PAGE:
Cognitive Science 40 (4):822-847 (2016)

Abstract
Artificial language learning experiments have become an important tool in exploring principles of language and language learning. A persistent question in all of this work, however, is whether ALL engages the linguistic system and whether ALL studies are ecologically valid assessments of natural language ability. In the present study, we considered these questions by examining the relationship between performance in an ALL task and second language learning ability. Participants enrolled in a Spanish language class were evaluated using a number of different measures of Spanish ability and classroom performance, which was compared to IQ and a number of different measures of ALL performance. The results show that success in ALL experiments, particularly more complex artificial languages, correlates positively with indices of L2 learning even after controlling for IQ. These findings provide a key link between studies involving ALL and our understanding of second language learning in the classroom.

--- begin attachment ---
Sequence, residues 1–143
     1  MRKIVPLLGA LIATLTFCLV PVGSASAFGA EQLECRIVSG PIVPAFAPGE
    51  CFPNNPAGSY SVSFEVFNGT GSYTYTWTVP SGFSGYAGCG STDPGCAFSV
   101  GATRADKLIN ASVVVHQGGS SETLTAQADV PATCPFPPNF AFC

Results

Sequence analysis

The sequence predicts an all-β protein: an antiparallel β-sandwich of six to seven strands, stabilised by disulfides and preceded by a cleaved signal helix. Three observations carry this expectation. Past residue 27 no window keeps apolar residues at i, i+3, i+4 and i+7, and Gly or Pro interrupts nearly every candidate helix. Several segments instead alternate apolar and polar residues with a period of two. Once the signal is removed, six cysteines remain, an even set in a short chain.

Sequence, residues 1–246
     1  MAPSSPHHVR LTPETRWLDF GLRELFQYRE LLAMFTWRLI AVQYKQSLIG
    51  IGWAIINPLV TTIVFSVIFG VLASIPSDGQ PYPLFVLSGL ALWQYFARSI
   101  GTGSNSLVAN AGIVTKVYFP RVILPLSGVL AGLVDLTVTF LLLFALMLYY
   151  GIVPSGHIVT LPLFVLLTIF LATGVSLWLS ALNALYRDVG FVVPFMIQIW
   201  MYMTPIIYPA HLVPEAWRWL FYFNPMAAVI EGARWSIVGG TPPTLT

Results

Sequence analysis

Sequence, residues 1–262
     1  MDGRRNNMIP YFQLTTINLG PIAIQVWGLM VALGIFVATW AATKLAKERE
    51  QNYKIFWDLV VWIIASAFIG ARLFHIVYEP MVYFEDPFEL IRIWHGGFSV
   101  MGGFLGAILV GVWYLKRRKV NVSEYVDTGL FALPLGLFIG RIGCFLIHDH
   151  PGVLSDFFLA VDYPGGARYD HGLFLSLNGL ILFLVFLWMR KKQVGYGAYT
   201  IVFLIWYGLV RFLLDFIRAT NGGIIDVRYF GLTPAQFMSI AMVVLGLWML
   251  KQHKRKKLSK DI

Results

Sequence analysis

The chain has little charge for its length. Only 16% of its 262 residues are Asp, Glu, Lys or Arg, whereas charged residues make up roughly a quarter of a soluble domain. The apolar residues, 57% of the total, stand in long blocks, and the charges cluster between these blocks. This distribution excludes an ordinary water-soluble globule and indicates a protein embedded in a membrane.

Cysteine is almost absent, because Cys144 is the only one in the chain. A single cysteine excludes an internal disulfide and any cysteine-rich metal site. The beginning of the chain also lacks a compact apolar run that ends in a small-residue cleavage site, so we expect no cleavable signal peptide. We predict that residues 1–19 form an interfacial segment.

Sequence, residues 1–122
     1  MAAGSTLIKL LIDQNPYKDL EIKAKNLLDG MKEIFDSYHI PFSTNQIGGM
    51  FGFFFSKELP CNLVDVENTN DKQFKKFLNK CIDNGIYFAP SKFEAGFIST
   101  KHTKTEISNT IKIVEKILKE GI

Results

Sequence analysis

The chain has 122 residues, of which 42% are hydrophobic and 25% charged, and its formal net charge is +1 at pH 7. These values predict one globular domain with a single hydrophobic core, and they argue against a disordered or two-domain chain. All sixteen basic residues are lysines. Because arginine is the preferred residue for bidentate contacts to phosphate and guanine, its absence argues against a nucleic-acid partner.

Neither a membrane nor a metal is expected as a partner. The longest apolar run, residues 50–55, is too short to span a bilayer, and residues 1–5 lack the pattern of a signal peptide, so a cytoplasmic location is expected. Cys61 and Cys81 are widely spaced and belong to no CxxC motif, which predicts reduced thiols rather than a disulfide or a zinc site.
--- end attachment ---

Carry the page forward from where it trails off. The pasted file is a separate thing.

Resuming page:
Keywords Artificial language learning  Language pedagogy  Classroom learning  Second language learning  Artificial grammar  Language learning
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DOI 10.1111/cogs.12257
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Implicit Learning of Artificial Grammars.Arthur S. Reber - 1967 - Journal of Verbal Learning and Verbal Behavior 6:855-863.

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